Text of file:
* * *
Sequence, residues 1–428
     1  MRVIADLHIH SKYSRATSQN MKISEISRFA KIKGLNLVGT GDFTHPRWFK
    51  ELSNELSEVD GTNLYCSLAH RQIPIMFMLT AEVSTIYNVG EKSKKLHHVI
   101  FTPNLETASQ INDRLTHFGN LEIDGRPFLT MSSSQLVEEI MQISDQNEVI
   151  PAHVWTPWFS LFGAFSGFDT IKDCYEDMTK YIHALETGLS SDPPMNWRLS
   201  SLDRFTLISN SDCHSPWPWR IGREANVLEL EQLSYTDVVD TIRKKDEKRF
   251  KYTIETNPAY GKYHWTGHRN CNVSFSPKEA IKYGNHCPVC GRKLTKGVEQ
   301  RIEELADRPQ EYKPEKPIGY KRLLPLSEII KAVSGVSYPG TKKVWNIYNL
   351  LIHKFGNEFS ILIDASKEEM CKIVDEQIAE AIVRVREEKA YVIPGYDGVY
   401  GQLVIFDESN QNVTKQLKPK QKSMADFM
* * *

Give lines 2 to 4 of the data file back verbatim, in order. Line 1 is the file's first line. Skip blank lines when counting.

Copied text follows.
     1  MRVIADLHIH SKYSRATSQN MKISEISRFA KIKGLNLVGT GDFTHPRWFK
    51  ELSNELSEVD GTNLYCSLAH RQIPIMFMLT AEVSTIYNVG EKSKKLHHVI
   101  FTPNLETASQ INDRLTHFGN LEIDGRPFLT MSSSQLVEEI MQISDQNEVI